- itching/swelling (especially of the face/tongue/throat)
- severe dizziness
- trouble breathing
This is not a complete list of possible side effects. If you notice other effects not listed above, contact your doctor or pharmacist.
In the US -
Call your doctor for medical advice about side effects. You may report side effects to FDA at 1-800-FDA-1088 or at www.fda.gov/medwatch.
In Canada - Call your doctor for medical advice about side effects. You may report side effects to Health Canada at 1-866-234-2345.
Before using naloxone, tell your doctor or pharmacist if you are allergic to it; or if you have any other allergies. This product may contain inactive ingredients, which can cause allergic reactions or other problems. Talk to your pharmacist for more details.
Before using this medication, tell your doctor or pharmacist your medical history, especially of:
- heart problems (such as irregular heartbeat, previous heart attack)
Before having surgery, tell your doctor or dentist about all the products you use (including prescription drugs, nonprescription drugs, and herbal products).
During pregnancy, this medication should be used only when clearly needed. It may cause opioid withdrawal in an unborn baby whose mother has been regularly taking an opioid. The doctor will carefully monitor both the pregnant woman and the unborn baby after this medication is given. Ask your doctor for details.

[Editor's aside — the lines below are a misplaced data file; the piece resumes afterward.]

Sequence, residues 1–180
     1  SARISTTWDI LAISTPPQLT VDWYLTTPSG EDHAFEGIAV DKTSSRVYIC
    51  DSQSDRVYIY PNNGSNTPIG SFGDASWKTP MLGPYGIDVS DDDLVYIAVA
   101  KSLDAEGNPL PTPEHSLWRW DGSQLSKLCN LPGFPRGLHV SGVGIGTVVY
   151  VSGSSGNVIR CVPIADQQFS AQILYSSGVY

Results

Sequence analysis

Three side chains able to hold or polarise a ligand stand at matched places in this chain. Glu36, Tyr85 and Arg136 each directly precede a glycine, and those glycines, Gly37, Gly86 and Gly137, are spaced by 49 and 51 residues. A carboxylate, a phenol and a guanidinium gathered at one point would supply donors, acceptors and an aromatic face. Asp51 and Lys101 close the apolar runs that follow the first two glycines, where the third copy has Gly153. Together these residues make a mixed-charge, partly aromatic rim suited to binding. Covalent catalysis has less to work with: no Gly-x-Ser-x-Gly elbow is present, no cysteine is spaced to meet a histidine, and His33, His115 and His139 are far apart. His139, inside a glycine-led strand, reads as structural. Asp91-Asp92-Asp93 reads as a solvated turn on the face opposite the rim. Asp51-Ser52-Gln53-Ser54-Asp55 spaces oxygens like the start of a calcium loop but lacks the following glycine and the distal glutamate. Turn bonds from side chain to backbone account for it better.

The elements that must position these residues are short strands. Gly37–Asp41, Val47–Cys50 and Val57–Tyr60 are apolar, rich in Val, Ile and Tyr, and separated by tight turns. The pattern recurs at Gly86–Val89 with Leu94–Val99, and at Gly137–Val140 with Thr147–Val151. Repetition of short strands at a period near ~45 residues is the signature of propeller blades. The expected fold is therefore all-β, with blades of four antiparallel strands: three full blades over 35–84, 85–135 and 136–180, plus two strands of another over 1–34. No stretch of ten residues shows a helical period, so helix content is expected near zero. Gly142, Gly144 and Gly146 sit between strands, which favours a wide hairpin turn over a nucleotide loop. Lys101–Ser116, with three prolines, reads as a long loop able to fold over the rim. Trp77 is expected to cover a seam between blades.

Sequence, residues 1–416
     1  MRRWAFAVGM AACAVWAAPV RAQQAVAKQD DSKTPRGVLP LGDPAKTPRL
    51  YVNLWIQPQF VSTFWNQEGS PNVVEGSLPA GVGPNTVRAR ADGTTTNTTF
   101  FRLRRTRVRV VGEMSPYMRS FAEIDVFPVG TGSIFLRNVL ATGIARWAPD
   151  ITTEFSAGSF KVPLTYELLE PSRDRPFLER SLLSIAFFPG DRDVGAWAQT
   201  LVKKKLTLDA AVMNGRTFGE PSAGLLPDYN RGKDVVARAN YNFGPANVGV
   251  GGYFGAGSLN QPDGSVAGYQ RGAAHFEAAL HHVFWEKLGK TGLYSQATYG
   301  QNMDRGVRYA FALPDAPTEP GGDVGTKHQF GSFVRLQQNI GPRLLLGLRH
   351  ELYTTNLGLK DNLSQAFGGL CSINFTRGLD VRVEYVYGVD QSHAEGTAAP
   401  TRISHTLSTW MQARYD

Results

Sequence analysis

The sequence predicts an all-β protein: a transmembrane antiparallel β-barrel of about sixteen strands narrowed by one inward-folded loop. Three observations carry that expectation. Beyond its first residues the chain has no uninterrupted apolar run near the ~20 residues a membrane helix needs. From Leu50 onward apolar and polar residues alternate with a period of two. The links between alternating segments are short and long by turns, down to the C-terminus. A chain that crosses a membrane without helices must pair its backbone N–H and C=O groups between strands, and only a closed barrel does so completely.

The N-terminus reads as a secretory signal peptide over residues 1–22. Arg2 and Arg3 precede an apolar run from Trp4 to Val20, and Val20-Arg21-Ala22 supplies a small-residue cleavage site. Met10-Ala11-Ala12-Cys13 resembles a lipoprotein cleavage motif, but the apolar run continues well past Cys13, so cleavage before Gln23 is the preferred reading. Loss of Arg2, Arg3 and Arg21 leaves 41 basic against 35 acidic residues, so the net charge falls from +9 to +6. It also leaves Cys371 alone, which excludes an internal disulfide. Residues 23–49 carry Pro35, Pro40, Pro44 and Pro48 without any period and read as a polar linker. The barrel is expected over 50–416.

It is unknown if this medication passes into breast milk. However, it is unlikely to harm a nursing infant. Consult your doctor before breast-feeding.
Drug interactions may change how your medications work or increase your risk for serious side effects. This document does not contain all possible drug interactions. Keep a list of all the products you use (including prescription/nonprescription drugs and herbal products) and share it with your doctor and pharmacist. Do not start, stop, or change the dosage of any medicines without your doctor's approval.
Overdose in somebody not regularly taking an opioid is highly unlikely. However, if someone has overdosed and has serious symptoms such as passing out or trouble breathing, call 911. Otherwise, call a poison control center right away. US residents can call their local poison control center at 1-800-222-1222. Alberta residents can call PADIS (Poison and Drug Information Service) 24 hours a day at 1-800-332-1414. Canada residents can call a provincial poison control center.
Ask your doctor or pharmacist about ways to prevent opioid overdose. Teach your close family or household members the signs and symptoms of an opioid overdose and tell them where you keep this medication.
Store at room temperature away from light and moisture. Do not store in the bathroom. Keep all medications away from children and pets.
Do not flush medications down the toilet or pour them into a drain unless instructed to do so. Properly discard this product when it is expired or no longer needed. Consult your pharmacist or local waste disposal company.